The candidates are Kola Alabi, a charming Nigerian serial womaniser; Jomo Wangai, a reserved but troubled Kenyan male gambling addict; Eloise Toure, an attractive but tenacious Ivorian with a husband diagnosed with prostate cancer; Yasmin Raggi, a beautiful Moroccan with dark secrets, and Riikard Van Outen, a ruthlessly aggressive South African white male

All five arrive from their respective destinations and check into a beach resort where the course is holding.

Although they all appear cordial and chummy with each other, they all know what is at stake – they each desperately want the CEO’s chair.

For that, they attempt to covertly outdo one another throughout the duration of the course.

Assisted by Lisa (Akindoju), the HR Coordinator for TransWire Global, course tutor, the mysterious Dr. Amet Zimmerman (Kidjo), starts off the course by making all five executives indulge in a round of the child’s game of musical chairs.

Using a bullish method which she dubs self elimination, Zimmerman studies each candidate’s modus operandi and drives them to a breaking point.

The first two candidates eliminated are found dead in what looks like suicide in a psychological game of ambition, betrayal and lust.

It is a thriller worth each of the 105 minutes spent watching it.

Speaking on June 2, 2016 after the movie opened the Nollywood Film Festival in Paris, Kidjo confessed that “It was not easy making this movie.”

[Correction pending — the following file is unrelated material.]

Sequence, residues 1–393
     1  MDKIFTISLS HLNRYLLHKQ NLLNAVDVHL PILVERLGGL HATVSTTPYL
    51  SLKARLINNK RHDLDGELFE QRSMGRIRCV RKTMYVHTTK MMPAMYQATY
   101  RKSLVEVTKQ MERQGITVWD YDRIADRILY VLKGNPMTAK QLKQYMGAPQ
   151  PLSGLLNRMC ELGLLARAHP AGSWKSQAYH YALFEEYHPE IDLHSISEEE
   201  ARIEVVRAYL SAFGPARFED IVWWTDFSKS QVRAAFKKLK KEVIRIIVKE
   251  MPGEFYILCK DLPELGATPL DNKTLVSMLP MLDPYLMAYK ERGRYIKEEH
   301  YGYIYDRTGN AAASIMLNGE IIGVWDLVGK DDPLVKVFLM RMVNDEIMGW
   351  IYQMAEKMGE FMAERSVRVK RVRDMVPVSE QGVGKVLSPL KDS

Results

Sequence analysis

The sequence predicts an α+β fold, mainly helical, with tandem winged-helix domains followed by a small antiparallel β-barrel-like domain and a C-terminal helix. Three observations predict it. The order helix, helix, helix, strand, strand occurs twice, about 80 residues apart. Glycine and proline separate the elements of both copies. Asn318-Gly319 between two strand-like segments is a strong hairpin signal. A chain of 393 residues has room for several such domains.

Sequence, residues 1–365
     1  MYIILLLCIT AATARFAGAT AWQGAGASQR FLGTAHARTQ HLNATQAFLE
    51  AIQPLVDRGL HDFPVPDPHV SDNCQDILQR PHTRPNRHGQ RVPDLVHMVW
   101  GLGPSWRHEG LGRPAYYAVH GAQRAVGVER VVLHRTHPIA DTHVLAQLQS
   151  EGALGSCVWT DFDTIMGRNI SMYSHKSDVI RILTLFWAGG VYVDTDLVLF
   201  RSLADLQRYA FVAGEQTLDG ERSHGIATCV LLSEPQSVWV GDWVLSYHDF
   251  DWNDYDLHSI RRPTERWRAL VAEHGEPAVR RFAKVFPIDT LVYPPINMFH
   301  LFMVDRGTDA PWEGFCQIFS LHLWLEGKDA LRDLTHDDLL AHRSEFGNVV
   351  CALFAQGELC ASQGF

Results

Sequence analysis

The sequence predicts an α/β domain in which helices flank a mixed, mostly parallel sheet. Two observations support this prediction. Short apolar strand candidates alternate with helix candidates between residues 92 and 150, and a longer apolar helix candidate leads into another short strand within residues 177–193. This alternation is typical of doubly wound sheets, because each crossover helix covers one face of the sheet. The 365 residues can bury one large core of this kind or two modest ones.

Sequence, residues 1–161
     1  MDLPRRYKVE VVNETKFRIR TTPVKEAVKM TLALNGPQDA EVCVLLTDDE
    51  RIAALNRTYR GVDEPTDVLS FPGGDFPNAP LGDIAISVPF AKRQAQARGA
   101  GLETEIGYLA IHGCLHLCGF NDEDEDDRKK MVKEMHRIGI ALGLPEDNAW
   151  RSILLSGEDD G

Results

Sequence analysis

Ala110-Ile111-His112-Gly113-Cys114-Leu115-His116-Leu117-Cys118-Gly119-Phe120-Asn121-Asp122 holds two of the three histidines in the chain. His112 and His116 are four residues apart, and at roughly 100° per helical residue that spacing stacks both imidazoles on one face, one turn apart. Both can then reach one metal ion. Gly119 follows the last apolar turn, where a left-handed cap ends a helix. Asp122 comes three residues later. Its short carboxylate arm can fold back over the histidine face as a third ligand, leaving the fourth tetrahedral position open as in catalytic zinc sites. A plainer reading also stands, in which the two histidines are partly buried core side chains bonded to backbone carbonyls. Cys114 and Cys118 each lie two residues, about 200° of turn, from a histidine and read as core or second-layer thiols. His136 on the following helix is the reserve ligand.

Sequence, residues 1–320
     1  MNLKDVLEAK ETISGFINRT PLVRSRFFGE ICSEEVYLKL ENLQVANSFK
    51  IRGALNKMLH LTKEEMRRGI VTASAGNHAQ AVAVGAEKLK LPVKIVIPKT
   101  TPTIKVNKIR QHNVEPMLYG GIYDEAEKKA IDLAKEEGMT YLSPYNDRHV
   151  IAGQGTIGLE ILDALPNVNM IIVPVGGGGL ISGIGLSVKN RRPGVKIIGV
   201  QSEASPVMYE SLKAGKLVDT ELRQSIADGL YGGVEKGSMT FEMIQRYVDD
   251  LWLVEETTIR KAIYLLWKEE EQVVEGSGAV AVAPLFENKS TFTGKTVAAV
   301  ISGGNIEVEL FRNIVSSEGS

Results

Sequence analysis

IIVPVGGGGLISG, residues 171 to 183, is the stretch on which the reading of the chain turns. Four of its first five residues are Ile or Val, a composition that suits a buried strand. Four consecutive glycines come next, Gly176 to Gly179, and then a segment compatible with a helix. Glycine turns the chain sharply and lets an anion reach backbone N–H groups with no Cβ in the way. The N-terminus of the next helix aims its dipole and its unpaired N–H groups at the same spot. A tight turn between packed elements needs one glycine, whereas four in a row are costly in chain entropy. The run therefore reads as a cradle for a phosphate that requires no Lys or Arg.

She, however, added that “nothing good comes easy.

“You have to come up with something authentic to tell a story that shows what we can achieve in adversity.

“What Kunle has done by getting the kind of sponsors for The CEO shows that people will invest in something good coming out of Africa.”

And people have invested in the project.

Nigeria’s Bank of Industry gave Kunle a loan of N50million to shoot the movie and Africa Magic pre-bought it for broadcast.

Sponsorship also came from Air France, Peugeot, Adron Homes and Properties, Inagbe Grand Resorts and Leisure and many others.

Commercial Manager of Air France/KLM, Arthur Dieffenthaler, even has a waka pass role in the movie.

With The CEO, Kunle has once again demonstrated that rare ability to outdo himself.

Perhaps, that is down to the fact that he never stopped doing the very thing that got him to the top in the first place.

That has shielded him from the curse of success.

Nollywood first took note of Kunle as the banished Prince Aresejabata in Saworoide and Agogo Eewo.

So successful were the two Kelani films that the young man was tagged Kunle Arese for many years.

While that opened a big door for him, it could also have closed several others in a Nollywood notorious for typecasting.

He went to the New York Film Academy, shot his first feature film, Irapada, a cross-cultural Nigerian movie in 2006 and went to the Pan African Film Festival (PAFF) in February 2007.

While some were still living off what was left of the fame graciously extended to them by starring in Kelani’s films a decade and half later, by the time he featured in the legendary cinematographer’s 2014 Dazzling Mirage, the seventh of Ade Love’s 25 children already had Irapada, The Figurine, Phone Swap and October 1 under his directorial belt.

Each of the movies, again, to borrow from Olamide, is a hit back-to-back.

It is dead cert that The CEO will continue that tradition.

Today, if Nollywood was a company, the former City Express Bank worker would be a top contender for the position of chief executive officer without playing a game of musical chairs.